Effective: It implies that students demonstrate the intended learning at the end of the time allotted.

Instructional Strategies: All students demonstrate the intended learning at the end of the time allotted.

The Practice in Action

This is what it looks like in Mr. Spicer”s 8th grade language arts class:

First page of the class agenda found in students’ Chromebook reads – Unit Standard: Analyze how a text – Narrative of the Life of Fredierick Douglass, an American Slave, by Frederick Douglass – Makes connections between individuals, ideas, or events (e.g. through comparisons, analogies, or categories).

Unit Outcome: Write an explanatory and informative essay that compares the life of a slave to his master.

Lesson Outcome: Analyze how chapters 5-7 make connections between Frederick Douglass and Mr. Auld, to cite specific textual evidence with Cornell notes. Read the text in your reciprocal teaching talking groups.

The students are sitting in groups as you walk around and ask “What are you learning?”

Deb: “We are learning how to analyze a text on Frederick Douglass and how it compares and contrasts.”

Zach: “The standard uses the phrase to make connections among and distinctions between individuals.”

Deb: “Oh yeah. Mr. Spicer tells us to use as much academic language as we can. But we need to read the text and then find accurate evidence we can use in our essays.”

You: “How will you read the text? Is that why you are sitting in groups?”

Zach: “Yes, we’re in our reciprocal teaching talk groups, and we will read the text together, discuss it, make sure we have all understood it, and then take notes.”

Deb: “We each have a role. Today I will be the questioner, Zach will be the clarifier, Jamal will be the summarizer, and Jay will be the predictor. As the questioner, I will read the paragraph out loud to the group. I will then ask them a couple of questions-one that is explicit and can be answered by words from the text, and another that is more inferential and can be answered by putting ideas together that might not be explicitly stated.”

Zach: “Then I will clarify any vocabulary or phrases that the group is struggling with. We will also find the vocabulary Mr. Spicer told us we need to know about slavery and abolition. After I clarify, Jamal will summarize what we read, and we will add to it if we need to. —“

The group will take notes using Cornell notes before reading the next section.

You: “How does this help you learn?”

Jamal: “Reciprocal teaching helps me learn, because it makes me read and reread the text by having to answer the questions, clarify vocabulary and ideas, summarize, and predict I am understanding at a deeper level. If I read this by myself, I might think I know it all without realizing what I missed.”

Students learn reciprocal teaching from Mr. Spicer. He taught each skill individually at the beginning of the year. Students spent a lot of time developing questions, clarifying vocabulary, summarizing, and using text clues to predict. At the end of the year, Mr. Spicer wants students to do as much as possible on their own, and  ask him questions only after students have asked one another first.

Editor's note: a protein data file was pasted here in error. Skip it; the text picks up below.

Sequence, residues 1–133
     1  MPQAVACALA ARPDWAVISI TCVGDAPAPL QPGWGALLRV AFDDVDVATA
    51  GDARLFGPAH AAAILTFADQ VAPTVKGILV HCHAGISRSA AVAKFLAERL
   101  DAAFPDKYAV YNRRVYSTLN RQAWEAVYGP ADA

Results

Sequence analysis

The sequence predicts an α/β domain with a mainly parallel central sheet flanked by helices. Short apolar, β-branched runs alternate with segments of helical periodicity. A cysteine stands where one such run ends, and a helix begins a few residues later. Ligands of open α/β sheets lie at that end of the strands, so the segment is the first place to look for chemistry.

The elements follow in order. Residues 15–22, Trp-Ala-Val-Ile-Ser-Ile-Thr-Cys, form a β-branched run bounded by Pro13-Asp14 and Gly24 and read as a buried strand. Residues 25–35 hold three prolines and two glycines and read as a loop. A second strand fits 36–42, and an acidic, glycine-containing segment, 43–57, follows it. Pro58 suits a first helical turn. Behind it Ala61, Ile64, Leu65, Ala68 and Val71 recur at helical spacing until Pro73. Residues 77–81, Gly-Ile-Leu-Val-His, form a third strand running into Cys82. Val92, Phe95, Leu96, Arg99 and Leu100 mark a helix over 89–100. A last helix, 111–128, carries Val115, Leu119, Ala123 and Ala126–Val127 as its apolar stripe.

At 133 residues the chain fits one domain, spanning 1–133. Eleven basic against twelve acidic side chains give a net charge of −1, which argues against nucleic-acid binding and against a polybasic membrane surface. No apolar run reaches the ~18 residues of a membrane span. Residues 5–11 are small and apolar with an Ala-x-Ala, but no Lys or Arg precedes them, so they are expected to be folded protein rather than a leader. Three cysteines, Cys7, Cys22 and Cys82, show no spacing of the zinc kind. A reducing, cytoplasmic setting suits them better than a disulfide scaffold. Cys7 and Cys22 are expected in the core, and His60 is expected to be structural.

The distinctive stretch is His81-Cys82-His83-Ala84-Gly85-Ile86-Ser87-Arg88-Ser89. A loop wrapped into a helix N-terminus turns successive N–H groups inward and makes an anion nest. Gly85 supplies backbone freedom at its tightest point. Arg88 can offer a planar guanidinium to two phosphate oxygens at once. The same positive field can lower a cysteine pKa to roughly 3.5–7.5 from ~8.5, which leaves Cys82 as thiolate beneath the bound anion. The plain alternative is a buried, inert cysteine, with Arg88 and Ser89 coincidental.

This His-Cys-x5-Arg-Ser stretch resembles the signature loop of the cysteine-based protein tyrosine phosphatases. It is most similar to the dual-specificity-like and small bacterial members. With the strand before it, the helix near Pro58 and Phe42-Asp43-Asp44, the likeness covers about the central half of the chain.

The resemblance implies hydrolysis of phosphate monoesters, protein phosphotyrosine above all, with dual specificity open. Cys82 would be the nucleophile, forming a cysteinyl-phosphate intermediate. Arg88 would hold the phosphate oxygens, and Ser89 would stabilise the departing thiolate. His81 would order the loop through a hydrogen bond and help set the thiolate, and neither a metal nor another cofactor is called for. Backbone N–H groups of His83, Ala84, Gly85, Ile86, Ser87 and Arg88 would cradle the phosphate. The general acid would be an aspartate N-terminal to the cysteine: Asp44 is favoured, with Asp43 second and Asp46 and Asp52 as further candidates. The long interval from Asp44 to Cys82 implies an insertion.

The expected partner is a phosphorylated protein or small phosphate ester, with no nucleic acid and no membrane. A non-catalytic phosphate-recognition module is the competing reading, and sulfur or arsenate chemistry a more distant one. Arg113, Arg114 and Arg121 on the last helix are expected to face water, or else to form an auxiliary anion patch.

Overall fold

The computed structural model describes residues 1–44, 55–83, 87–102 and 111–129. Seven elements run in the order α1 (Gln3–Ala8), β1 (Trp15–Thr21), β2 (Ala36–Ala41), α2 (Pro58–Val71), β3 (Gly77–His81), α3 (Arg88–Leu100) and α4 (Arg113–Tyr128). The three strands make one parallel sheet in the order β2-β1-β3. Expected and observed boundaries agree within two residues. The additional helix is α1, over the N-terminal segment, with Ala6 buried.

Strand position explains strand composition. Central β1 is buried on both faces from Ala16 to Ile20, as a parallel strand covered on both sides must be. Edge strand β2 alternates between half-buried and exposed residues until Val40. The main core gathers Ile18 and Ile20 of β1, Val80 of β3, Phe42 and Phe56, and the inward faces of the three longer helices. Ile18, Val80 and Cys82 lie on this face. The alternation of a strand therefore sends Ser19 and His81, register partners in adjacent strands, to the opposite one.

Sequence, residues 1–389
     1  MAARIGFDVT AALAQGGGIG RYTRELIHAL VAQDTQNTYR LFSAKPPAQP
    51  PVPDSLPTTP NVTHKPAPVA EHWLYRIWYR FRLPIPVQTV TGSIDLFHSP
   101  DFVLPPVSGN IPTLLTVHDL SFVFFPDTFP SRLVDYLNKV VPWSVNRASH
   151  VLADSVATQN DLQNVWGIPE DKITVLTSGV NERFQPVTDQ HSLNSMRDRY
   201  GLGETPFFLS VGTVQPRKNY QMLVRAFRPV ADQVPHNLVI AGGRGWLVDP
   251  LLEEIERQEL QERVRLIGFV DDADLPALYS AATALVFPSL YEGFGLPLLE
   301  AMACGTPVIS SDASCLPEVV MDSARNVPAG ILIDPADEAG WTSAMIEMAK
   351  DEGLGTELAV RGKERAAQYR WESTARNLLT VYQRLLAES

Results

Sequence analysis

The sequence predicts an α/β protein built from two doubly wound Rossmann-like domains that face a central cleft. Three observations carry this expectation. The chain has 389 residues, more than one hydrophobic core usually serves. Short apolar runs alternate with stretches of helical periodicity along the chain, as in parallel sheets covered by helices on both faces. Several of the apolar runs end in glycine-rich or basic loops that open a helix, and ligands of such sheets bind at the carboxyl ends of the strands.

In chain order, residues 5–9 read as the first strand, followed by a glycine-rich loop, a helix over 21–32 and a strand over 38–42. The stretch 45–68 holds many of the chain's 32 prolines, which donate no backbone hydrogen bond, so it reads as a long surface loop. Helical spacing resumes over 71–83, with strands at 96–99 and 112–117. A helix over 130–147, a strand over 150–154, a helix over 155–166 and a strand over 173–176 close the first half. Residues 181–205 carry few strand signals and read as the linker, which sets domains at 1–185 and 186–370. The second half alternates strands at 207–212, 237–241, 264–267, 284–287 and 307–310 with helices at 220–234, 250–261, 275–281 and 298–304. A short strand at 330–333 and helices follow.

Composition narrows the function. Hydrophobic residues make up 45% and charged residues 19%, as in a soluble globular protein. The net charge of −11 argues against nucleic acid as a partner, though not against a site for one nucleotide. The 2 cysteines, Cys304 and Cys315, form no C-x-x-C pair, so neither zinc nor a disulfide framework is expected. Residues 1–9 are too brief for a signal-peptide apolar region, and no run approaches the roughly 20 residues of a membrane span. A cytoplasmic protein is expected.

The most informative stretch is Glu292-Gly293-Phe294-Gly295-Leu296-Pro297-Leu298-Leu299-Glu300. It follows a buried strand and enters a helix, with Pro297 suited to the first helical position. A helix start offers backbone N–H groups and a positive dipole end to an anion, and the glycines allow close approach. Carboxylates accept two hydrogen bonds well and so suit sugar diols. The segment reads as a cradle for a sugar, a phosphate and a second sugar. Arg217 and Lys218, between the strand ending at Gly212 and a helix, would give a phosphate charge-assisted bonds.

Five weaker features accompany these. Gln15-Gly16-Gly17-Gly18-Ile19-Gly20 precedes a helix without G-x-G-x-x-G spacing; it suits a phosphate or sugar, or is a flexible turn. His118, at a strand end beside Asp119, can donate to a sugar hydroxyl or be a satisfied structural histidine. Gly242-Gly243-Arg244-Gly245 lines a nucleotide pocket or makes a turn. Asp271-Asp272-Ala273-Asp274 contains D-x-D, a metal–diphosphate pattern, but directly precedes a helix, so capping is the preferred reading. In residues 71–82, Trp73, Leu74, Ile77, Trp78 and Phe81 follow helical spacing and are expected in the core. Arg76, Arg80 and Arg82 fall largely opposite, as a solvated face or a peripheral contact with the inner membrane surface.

How did the students be able to answer the questions so articulately and with such confidence?

Mr. Spicer had this to say, “First off, I had to make sure they understand what we were learning —in both the unit and the lesson. Then I had to determine the best way to have them learn this — there are so many strategies to choose them. Reciprocal teaching is an instructional strategy that we have been using all year, so the students are very familiar with it. We have used it in a lot of different contexts and with a lot of support from me, but this is the first time I have asked them to work in talk groups where they are in control of everything — the roles, the chunking of the text, time management. To do this, I need to be very planned. I also need to be very deliberate about what we are learning and where we are headed—what we will complete at the end of the lesson and unit.”

You can see Mr. Spicer uses a reciprocal teaching strategy to support students analyzing text. He is very deliberate in his planning, what they are learning, and where they are going in the unit and lessons.

Implementing the Practice

Mr. Spicer uses questions to help plan how he would offer support to his students. He asks himself the following questions that help guide him to implement Strategic Learning Practice Instruction 2:

  • What skill will my students learn, and how will they demonstrate they have learned it?

Mr. Spicer observes, “We are at the end of the year, and my students still need a lot of practice reading informational texts. In social studies, my students are learning about the Civil War, so the narrative by Frederick Douglass fits in nicely. I selected the standard 8.RI.3: ‘Analyze how a text makes connections among and distinctions between individuals, ideas, or events (e.g. through comparisons, analogies, or categories).’ This standard helped me determine the focus for the end-of-unit essay. After that, the curriculum side of planning this unit came fairly quickly.”

Next, Mr. Spicer had to determine the answers to the following questions:

  • How will I select an instructional strategy that will build toward mastery of the learning outcome?